We all love one more day tacked on our weekends, except when it disrupts the flow of a smoothly operating parenting plan. The extra time is great for spending with family and friends, exploring your area and relaxing from the pressures of work and life. But if you’re a co-parenting family, you know that federal holidays that incorporate a 3-day weekends can cause co-parenting challenges both in who wants to have that day with their child(ren) and those who must work and then provide day care.

In the U.S. there are 6 federal holidays recognized each year on Mondays, creating 3-day weekends.

U.S. Federal Holidays/3-Day Weekends

  • Birthday of Martin Luther King Jr.: Third Monday in January.
  • George Washington’s Birthday: Third Monday in February.
  • Memorial Day: Last Monday in May.
  • Labor Day: First Monday in September.
  • Columbus Day: Second Monday in October.

Here are some common questions around co-parenting and extended holiday weekends:

1) What’s the best way to divide or share 3-day holiday weekends?

Both parents typically want to spend extra time with the child during the holidays, so dividing up and sharing holiday weekends is an important part of your holiday schedule and should be included in your parenting plan. Some common approaches include:

  • Alternating 3-day weekend holidays
  • Splitting the long weekend
  • Extend the normal weekend schedule by the extra day.
  • Or, as most families do today – allowing the Monday to follow the regular parenting plan

2) What happens when it’s my holiday with the kids but the ex’s weekend?

In almost all parenting plans, holiday schedules take precedence over normal weekend parenting time.  So, if a holiday falls on a weekend that is not your parenting time, but your parenting agreement says that it’s your holiday with the kids, then the child(ren) will be with you.

The normal weekend schedule then resumes which may result in you having the kids multiple weekends in a row and usually neither parent believes this is fair or even in the best interest of the child(ren).

3) What if I have to work but my children have no school due to a 3-day weekend? Who’s responsible for the additional day of child care?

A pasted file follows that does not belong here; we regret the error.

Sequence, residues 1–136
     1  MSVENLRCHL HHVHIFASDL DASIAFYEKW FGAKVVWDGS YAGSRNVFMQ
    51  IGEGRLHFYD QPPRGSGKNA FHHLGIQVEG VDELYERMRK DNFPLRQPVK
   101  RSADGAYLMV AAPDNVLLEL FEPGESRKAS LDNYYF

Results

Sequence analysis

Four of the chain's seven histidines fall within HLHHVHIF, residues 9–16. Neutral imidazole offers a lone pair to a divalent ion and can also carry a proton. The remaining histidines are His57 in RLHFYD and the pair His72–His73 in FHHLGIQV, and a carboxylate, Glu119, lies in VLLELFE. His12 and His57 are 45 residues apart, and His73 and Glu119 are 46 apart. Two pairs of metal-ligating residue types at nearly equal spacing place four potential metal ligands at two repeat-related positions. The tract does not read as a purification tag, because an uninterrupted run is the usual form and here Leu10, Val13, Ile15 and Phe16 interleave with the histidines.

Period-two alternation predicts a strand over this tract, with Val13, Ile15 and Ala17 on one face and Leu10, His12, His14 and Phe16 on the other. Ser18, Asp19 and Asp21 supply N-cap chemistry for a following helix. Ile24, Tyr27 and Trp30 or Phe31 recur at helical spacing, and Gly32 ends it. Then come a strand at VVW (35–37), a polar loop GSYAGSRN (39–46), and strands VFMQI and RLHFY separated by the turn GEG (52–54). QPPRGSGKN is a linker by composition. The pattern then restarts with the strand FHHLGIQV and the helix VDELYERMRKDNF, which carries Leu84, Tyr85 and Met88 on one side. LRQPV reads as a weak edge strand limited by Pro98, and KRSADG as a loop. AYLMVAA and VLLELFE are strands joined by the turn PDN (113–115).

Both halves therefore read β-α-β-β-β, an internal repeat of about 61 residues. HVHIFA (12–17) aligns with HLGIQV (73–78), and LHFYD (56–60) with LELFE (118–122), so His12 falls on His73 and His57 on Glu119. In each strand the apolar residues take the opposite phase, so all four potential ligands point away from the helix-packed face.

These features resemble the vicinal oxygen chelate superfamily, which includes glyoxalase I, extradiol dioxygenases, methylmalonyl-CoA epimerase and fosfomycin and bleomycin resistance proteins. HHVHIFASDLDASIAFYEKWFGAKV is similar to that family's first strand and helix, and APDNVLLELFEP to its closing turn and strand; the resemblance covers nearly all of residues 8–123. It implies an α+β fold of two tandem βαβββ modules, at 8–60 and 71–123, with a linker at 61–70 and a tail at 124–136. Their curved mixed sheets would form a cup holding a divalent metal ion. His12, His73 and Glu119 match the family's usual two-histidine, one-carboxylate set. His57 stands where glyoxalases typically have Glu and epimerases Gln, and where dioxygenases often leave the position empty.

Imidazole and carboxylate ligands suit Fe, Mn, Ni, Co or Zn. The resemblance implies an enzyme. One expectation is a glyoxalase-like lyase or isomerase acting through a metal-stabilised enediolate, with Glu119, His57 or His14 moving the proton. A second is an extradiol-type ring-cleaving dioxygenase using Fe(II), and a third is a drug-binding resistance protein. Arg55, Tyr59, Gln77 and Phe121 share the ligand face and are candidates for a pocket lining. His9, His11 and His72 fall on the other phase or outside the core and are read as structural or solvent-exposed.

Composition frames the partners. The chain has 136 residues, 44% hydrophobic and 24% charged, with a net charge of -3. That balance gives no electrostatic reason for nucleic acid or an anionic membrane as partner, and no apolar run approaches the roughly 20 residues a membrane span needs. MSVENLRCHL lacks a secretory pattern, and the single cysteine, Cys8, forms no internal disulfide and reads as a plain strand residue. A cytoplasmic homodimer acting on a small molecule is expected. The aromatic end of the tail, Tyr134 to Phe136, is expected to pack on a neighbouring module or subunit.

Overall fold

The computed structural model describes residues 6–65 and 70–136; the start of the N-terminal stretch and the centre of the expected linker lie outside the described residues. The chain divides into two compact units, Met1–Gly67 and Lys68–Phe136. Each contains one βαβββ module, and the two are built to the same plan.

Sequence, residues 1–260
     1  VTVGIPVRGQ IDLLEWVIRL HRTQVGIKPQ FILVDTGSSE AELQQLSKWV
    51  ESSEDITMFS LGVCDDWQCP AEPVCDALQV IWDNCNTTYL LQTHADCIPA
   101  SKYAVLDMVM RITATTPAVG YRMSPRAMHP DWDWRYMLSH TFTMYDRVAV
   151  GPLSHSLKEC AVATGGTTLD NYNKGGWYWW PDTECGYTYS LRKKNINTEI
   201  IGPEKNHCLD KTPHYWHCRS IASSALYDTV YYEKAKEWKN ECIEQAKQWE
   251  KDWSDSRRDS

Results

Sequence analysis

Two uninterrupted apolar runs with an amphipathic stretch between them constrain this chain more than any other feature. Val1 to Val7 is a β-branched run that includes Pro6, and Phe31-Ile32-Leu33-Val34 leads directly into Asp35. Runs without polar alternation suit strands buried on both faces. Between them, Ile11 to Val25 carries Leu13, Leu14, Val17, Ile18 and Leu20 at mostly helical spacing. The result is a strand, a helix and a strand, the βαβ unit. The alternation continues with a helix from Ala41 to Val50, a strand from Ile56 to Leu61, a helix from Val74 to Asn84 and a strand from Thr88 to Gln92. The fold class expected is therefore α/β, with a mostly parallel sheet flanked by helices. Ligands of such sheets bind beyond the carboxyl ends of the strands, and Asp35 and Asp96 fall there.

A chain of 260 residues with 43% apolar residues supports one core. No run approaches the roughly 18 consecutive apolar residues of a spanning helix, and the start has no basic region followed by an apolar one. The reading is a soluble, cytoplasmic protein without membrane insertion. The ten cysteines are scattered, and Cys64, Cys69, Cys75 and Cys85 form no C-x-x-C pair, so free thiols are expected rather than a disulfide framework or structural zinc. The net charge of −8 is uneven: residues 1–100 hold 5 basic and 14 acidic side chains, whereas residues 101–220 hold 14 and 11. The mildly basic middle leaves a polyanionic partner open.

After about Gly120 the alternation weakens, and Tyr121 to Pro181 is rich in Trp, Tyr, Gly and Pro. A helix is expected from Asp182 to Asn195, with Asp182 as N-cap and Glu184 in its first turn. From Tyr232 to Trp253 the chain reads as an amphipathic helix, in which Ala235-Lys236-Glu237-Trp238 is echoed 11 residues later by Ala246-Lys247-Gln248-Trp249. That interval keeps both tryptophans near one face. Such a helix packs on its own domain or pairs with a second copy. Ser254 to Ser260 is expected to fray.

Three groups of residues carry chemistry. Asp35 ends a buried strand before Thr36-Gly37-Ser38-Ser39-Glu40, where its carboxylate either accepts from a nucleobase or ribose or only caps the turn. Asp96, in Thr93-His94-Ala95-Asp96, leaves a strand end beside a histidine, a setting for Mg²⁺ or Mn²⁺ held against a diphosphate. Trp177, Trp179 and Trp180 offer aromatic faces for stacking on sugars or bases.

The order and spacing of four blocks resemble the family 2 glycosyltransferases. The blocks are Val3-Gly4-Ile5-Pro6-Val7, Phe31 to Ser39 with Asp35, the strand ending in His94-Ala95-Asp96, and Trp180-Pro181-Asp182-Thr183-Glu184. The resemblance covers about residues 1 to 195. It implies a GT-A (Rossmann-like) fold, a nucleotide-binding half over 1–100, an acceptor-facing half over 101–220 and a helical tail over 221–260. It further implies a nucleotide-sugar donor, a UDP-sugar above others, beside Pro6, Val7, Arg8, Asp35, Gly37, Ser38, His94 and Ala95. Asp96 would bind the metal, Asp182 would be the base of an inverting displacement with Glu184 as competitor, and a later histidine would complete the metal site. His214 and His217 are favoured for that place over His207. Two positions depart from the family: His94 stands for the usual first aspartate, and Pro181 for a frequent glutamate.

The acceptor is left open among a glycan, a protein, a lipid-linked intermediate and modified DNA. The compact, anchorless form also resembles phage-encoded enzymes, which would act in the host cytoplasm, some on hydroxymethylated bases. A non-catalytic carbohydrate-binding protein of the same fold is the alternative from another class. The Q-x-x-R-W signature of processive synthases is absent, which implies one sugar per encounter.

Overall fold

Most commonly the parent who is assigned parenting time for this holiday would be responsible if they have to schedule child care due to a work conflict.  However, in some states, courts have ruled that both parents are responsible for providing child care during these types of situations; in others, only one parent has this responsibility.

If you’re not sure what your state’s laws say about this situation, and it’s not outlined in your parenting plan, it’s best to talk with an attorney who can help you figure out what your rights may be.  Adding clarification to parenting plans is routinely done as you practice the terms and see what to add to improve your co-parenting arrangements.

4) What if a 3-day weekend is not included in our parenting plan? 

Juneteenth is the newest federal holiday, signed into law in 2021, and is observed annually on June 19th. When Juneteenth falls on a weekend, schools and businesses close the Friday prior or the following Monday, rather than on the 19th, creating a 3-day weekend. If you’ve been divorced for a while, it may not be included in your parenting plan.

Strictly speaking, if a holiday is not mentioned, it should be treated like any other day.  Of course, you’re free to work out a compromise together, but if you can’t agree on an equitable arrangement, stick with what your parenting plan says.

5) What if a holiday is not included in our parenting plan?

You can request a parenting plan review if something was missed, if your circumstances have changed or if you and your ex-spouse or partner no longer agree on parenting time arrangements. You can also request a review if there is new information that may affect your child’s best interests.

A parenting plan review is similar to an initial custody evaluation, but it’s only for parents who already have a parenting plan, not for those who are starting from scratch.

The court will review the original parenting plan and determine if it still meets the needs of the children involved. If not, they’ll make changes to it based on what they think is best for them.

With a solid holiday schedule in place, your parenting plan will provide the guidance needed to co-parent effectively throughout the year, so 3-day weekends can be peaceful and relaxing.  Adding an addendum to your parenting plan is not difficult if you utilize the skills of a family law attorney.

If you are experiencing a difficult co-parenting situation with your co-parent, we are here to help. Call McMurdie Law and Mediation at (480) 777-5500 to schedule a consultation.